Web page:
Tori Dixon is with the rest of the U.S. women’s volleyball team this week in Nanjing, China, where they’re preparing to go after their seventh title in the FIVB World Grand Prix Finals.
Having finished second in the three-week, nine-match preliminary round to earn a spot amongst the final six teams, the U.S. women open play on Wednesday against Serbia, the team that upset them in five sets in the Olympic semifinals last summer in Rio.
It’s a position Dixon thrives in, and that she’s ready to take on full bore. It’s also a position that couldn't be more different from the one she was in at this time last year, and not just geographically.
While the rest of the U.S. team was on the verge of opening the 2016 Games, Dixon was at home working her way back to full strength after left knee surgery. She’d torn her ACL that January playing for her professional team in Japan. With the recovery and rehabilitation, there just wasn’t enough time to get back to top form, so Dixon had to watch as the team went to Rio without her.
“Getting hurt sucked, and the timing was even worse,” said the 24-year-old middle blocker from Burnsville, Minnesota, via email. “But when I got hurt, it was always about the next step. I tore my knee, now I have to pack to get back to the U.S., now I have to get surgery, now heal the wounds, now get the swelling out, etc. There was no real down time or anything to think about how bad the situation really was.”
Dixon might not have even been in the position to make an Olympic team, however, had she not opted for a different type of surgery four years ago.
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Back in 2013, while she was still a student-athlete at Minnesota, Dixon finally got an answer as to why for the past five years her heart raced out of control periodically when she played. She’d blame fatigue and dehydration, but as the episodes went from once in a while to multiple times a day, she knew something wasn’t right. Dixon was diagnosed with an extra node in her heart, and although it wasn’t life threatening, it was a threat to her volleyball career. Dixon immediately opted for surgery.
“I could either take medication every day for the rest of my life, I could start limiting my activity in terms of intensity and duration, or I could have the ‘low risk’ surgery and take care of the problem all together,” said Dixon, who also was invited to attend her first national team camp in 2013. “Not only would I have to limit my volleyball play, but it would have also limited any physical activity for the future, and in everyday life. It's just not something I wanted to live with. For me, it was an easy decision.”
Dixon was back to 100 percent within about six weeks, only her 100 percent post-surgery felt a lot better than what she thought was 100 percent before. With more to give in training and conditioning, she felt like she was on top of the world.
In 2014, Dixon joined the national team for a handful of tournaments before it went to the FIVB World Championship in Italy. In her first major international tournament, Dixon started in six of the 13 matches and converted 52.2 percent of attacks into points along with a 0.24 ace average as the team went on to win its first world title.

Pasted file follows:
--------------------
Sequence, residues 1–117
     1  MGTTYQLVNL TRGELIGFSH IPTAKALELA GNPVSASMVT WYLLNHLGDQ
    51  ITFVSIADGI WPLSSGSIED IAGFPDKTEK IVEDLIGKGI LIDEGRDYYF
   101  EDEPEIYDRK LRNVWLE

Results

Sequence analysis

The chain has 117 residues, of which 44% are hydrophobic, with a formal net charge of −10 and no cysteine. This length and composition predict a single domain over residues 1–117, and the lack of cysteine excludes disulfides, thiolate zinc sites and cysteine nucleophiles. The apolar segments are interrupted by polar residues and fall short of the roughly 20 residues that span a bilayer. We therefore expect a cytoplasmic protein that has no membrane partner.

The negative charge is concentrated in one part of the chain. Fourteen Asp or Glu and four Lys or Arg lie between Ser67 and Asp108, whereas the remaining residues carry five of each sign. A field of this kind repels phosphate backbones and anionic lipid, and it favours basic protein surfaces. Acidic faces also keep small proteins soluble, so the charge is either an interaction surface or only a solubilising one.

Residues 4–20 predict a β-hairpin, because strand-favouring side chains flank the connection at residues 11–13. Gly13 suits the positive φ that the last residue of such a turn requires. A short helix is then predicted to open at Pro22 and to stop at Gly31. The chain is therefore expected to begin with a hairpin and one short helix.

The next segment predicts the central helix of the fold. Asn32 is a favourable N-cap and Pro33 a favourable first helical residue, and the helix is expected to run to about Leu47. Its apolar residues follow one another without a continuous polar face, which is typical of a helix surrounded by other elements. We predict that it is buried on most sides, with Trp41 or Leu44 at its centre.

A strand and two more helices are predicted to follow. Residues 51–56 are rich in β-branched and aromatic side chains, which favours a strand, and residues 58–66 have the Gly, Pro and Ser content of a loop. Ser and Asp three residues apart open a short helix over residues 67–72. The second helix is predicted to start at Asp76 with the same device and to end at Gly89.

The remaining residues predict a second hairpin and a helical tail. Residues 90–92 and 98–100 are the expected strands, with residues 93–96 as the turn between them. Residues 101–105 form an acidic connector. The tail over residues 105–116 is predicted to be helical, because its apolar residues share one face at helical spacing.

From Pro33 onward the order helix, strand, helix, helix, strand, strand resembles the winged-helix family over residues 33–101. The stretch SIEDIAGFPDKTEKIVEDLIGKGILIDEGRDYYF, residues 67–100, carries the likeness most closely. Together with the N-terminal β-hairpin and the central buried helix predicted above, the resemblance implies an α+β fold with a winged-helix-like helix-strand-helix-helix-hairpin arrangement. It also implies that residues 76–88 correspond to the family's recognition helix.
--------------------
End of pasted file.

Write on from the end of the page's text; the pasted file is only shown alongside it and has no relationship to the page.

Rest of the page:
“Being on that team has been my favorite international experience so far,” she said. “I've never felt more in tune with a team. You could just feel how everyone was invested and we had a great tournament. Being in Italy and getting the full Italian tour was awesome, too. It really added to the whole experience.”
Her national team career progressed from there. In 2015, Dixon was named best blocker at the FIVB Volleyball World Cup, where the team won the bronze medal. The U.S. also won gold at the NORCECA championship and the FIVB World Grand Prix, during which she started eight of 14 matches with a 2.61 points per set average and 42.9 kill percentage.
At the NORCECA Olympic qualification tournament in 2016, the U.S. won gold, secured its spot in the Olympics and Dixon was named best blocker.
Two weeks later, she was injured.
As disappointing as it was, Dixon said, she kept herself occupied mentally and physically with the benchmarks and challenges that are part of the rehab process.
“Even to this day there are still benchmarks with the rehab process I’m working on,” she said. “It never stops. I was very lucky to not have a major injury throughout my career, and I'm working hard to make sure I don't have another one.”
Now, the U.S. is in the Grand Prix Final for the third year in a row after finishing 6-3 in the preliminaries. Serbia is the only team in the final group that the U.S. did not play in the opening matches, although the Americans are well aware of what damage the Serbian team can do. Team USA faces Italy on Thursday, and should it advance, the semifinals are Saturday and are followed by the medal round on Sunday.
“The finals are very exciting,” Dixon said. “Everyone in China is excited, and the venue is huge. There's always a lot of hype around finals week and I think my team and I are just trying to soak it all in, and play really high level volleyball.”
Karen Price is a reporter from Pittsburgh who has covered Olympic sports for various publications. She is a freelance contributor to TeamUSA.org on behalf of Red Line Editorial, Inc.